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Jubilee weekend celebrations may have triggered new Covid wave in the UK, expert says

todayJune 15, 2022 1

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The Queen’s Platinum Jubilee bank holiday weekend earlier this month may have contributed to the rising cases of coronavirus infections being recorded across the country at the moment, an expert has said.

Dr Simon Clarke, Associate Professor in Cellular Microbiology at the University of Reading, said the current spike in cases will likely continue until the autumn, which could have been boosted by the Jubilee celebrations as many people were off work and attended densely populated events, the Mirror reports.

It comes as coronavirus infections in the UK have risen for the first time in two months, many of those are compatible with the Omicron variant BA.1 and newer variants BA.4 and BA.5 – which appear more highly transmissible than the current dominant BA.2 strain.

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According to the Office for National Statistics (ONS), data from up to June 2 indicates England and Northern Ireland are beginning to see a “small rise” in cases. However Dr Simon Clarke says it is too early to tell what impact it will have on hospitalisations, and more specifically on intensive care admissions.

A total of 989,800 people in private households in the UK are estimated to have had the virus in the week ending June 2, up from 953,900 the previous week, according to the Office for National Statistics (ONS). It is the first time total infections have risen week-on-week since the end of March, when the number hit a record 4.9 million at the peak of the Omicron BA.2 wave.

Speaking to the Mirror, Dr Simon Clarke said BA.4 and BA.5 – first identified in Africa in January and February – will likely eventually become the main strain in the UK, adding: “The way it [Covid] is going to continue to evolve is increasing transmissibility.

“Previously there’s been a lot of chatter about increased transmissibility meaning it’s less lethal. That’s absolutely not true. The lethality thing is something that could go either way. It could get less lethal, but it’s certainly not a guarantee.”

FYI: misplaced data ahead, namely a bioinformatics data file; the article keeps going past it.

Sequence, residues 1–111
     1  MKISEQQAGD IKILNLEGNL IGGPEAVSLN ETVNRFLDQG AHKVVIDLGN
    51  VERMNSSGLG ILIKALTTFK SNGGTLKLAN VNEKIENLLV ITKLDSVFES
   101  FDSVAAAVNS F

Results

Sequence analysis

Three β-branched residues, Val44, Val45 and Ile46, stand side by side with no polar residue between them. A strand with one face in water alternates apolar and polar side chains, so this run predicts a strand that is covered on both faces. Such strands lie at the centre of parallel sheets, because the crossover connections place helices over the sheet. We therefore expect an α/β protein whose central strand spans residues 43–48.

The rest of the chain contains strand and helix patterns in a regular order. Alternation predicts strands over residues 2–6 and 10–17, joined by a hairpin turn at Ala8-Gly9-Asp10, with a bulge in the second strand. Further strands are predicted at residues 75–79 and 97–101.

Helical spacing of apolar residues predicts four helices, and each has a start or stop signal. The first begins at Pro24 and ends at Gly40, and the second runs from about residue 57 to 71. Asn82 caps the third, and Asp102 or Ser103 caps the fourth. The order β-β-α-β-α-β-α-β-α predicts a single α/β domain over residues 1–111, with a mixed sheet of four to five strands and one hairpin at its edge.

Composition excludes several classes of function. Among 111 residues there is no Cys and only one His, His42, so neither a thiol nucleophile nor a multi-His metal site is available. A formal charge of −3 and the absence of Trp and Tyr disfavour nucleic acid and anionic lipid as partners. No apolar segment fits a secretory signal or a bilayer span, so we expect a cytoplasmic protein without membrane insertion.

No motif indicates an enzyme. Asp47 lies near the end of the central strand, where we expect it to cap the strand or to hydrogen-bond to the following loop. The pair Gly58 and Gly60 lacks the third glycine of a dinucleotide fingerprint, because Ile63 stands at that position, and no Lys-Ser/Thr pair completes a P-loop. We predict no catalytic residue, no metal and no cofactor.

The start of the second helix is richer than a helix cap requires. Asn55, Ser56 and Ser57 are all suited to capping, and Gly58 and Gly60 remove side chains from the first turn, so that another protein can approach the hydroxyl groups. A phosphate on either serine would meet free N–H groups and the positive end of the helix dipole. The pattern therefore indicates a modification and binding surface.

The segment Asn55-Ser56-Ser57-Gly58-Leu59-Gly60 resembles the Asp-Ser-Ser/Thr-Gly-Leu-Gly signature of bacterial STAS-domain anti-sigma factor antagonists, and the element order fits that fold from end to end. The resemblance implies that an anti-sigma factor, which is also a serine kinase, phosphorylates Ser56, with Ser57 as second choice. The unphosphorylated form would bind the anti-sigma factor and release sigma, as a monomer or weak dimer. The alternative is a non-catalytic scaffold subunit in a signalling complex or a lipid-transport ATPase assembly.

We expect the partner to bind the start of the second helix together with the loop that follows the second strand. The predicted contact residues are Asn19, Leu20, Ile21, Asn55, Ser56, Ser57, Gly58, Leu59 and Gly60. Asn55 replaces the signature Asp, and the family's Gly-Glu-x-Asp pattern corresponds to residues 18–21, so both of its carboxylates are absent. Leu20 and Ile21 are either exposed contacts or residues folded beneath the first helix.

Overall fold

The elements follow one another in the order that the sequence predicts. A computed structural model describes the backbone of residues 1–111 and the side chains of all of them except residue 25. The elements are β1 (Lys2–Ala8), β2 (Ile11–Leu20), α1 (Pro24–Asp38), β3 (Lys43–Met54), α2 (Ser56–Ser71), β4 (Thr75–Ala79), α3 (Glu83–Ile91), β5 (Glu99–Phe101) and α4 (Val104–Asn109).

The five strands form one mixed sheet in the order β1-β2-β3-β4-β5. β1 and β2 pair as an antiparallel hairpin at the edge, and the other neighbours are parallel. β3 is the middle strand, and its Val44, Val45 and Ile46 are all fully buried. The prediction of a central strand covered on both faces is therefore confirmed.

He added that another lockdown would be unlikely, unless there was a “jump in the biology of the virus” and it became more resistant to immunity or more aggressive in creating disease. He said: “There will be more infections, I would expect that there would be waves of people being unwell, sort of mass sickness,” he said, describing a worst case scenario. And there maybe an increase in people ending up in hospital.”

The newest mutations of the virus seem to have evolved to infect tissue much lower in the lungs, as did the earliest forms of the virus, making them more dangerous than previous versions of Omicron. In response to that, Dr Simon Clarke said: “We don’t really understand what that is down to.

“Is it because it is innately more aggressive? Or are the symptoms that we see in people, which are really what matters, down to waning immunity, for example. We perhaps had higher immunity when we had earlier versions of Omicron, and we know that immunity will be waning by now and is that why we get that difference?”

It is “entirely possible” the latest wave could continue to increase through the summer, he added, though if the weather is good and people spend more time outdoors “that should mitigate some of the effects. We don’t have a clear view, despite what some people will tell you, about what the effectiveness of seasonality is versus the effectiveness of immunity. I suspect the immunity is much more important and has a much bigger impact.”



People testing positive for Covid-19 in private households in the UK
People testing positive for Covid-19 in private households in the UK

The spring booster vaccine roll-out for people over 75 and those most vulnerable will help to fight against the spread and others “will have some residual immunity”, he said, “It’s like trying to fill up a bucket that’s got a leak, it’s going to constantly need to be topped up, probably.”

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